Area Summary: The main rivers and most all lakes in the area are in the process of shedding ice and should be completely free-flowing or open by next week, except for some waters at higher elevations—lakes up and around the Glenn Highway north of Palmer or Parks Highway in the Chulitna area are expected to be ice-free in ten days or so.

Rainbow trout, grayling, and Dolly Varden can be targeted at the mouths of streams draining into the Susitna River but actual success is highly dependent on location and water conditions. If water is reasonably clear and not too high or muddy, chances are quite good of finding at least a few fish. Willow, Sheep, and Montana are always good spots to try but do not neglect the smaller streams either.

No reports of king salmon being caught or seen in roadside waters, although a few fish are typically present starting the third week of this month in the channel of Knik River just below the mouth of Eklutna Tailrace. Like elsewhere, total king salmon closures are in effect on all rivers and streams in this area (except Little Susitna, which is catch-and-release) with only the tailrace being open to retention at this time due to it receiving hatchery fish.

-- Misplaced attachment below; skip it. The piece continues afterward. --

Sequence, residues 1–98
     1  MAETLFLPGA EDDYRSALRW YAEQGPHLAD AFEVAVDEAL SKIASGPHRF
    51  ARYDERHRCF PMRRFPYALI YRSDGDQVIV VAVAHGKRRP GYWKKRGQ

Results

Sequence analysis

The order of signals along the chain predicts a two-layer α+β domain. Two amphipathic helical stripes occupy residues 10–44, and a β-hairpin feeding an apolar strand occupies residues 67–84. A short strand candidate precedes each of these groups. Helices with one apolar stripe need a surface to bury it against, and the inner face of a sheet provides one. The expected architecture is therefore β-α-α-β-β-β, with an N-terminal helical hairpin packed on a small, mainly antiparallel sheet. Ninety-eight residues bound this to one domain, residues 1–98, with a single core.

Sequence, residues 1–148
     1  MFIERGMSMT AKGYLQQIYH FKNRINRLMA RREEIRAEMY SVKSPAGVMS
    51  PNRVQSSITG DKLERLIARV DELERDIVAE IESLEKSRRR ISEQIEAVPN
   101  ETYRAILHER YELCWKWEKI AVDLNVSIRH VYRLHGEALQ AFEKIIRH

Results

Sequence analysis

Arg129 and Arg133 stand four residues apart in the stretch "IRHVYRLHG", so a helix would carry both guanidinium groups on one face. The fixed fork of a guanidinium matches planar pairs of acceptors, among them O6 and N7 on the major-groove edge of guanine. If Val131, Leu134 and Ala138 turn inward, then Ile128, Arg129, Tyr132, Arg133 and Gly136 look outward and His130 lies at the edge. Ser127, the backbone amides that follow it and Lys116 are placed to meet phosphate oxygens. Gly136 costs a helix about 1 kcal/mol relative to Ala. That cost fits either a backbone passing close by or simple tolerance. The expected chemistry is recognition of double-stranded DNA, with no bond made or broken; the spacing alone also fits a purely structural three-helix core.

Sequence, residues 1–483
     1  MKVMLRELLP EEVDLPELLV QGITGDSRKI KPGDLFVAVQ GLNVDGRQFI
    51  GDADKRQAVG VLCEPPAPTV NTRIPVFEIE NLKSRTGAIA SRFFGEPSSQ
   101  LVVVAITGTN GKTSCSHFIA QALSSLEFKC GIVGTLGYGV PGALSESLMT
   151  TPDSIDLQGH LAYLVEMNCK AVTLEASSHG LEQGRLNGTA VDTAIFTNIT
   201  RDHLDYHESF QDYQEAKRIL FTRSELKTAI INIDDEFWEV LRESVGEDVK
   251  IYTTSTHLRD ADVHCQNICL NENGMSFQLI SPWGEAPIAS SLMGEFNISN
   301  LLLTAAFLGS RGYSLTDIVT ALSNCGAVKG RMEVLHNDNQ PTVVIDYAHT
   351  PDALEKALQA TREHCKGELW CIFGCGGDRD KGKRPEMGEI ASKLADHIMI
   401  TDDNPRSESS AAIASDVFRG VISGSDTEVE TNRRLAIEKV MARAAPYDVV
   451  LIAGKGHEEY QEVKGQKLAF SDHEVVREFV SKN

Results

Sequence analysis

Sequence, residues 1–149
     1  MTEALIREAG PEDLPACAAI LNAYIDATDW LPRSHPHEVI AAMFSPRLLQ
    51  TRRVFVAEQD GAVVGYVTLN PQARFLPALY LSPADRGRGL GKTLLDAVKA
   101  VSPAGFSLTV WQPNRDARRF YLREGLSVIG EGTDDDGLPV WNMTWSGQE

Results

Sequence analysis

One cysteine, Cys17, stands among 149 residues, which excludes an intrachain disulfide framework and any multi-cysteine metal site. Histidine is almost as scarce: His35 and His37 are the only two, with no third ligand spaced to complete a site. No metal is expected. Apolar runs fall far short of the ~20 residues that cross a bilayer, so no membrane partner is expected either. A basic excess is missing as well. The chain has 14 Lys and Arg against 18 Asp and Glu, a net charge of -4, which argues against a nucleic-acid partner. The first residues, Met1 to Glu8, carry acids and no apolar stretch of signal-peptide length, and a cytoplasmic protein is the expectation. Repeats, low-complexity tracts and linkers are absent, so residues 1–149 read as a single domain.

Copper Valley-Valdez Arm

Area Summary: Break-up is in progress here with the smaller streams and lakes soon expected to yield grayling as well as trout. The larger lakes, such as Louise, Paxson, and Summit, are still firmly locked in ice and not likely to offer much open water until the last week of this month and early June. Even with some ice cover, as long as there is enough open areas around the shorelines, anglers will find some very productive catches of lake trout, grayling, and whitefish. But as for now, anglers will have to contend with catching fish through the ice on these larger bodies of water; extreme caution is advised still as the winter opportunity will likely come to an end in another week.

To the south, in Valdez, Dolly Varden are being caught in moderate numbers in the Lowe River. This is a limited time fishery and will last until the silt load increases with rising temperatures and fish move downstream into the marine waters of the port.


Updated Tuesday, April 18

NOTE: This is the first fishing report for the 2023 fishing season. Additional reports will follow on a weekly basis starting in late April.